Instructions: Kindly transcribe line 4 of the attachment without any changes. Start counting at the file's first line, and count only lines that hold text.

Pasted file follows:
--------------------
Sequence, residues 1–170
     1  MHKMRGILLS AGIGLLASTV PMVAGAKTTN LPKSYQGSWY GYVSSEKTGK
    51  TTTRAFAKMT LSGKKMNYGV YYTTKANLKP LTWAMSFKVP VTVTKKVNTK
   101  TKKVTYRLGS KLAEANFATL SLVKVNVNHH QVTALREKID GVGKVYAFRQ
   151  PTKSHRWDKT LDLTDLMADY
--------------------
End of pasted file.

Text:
   101  TKKVTYRLGS KLAEANFATL SLVKVNVNHH QVTALREKID GVGKVYAFRQ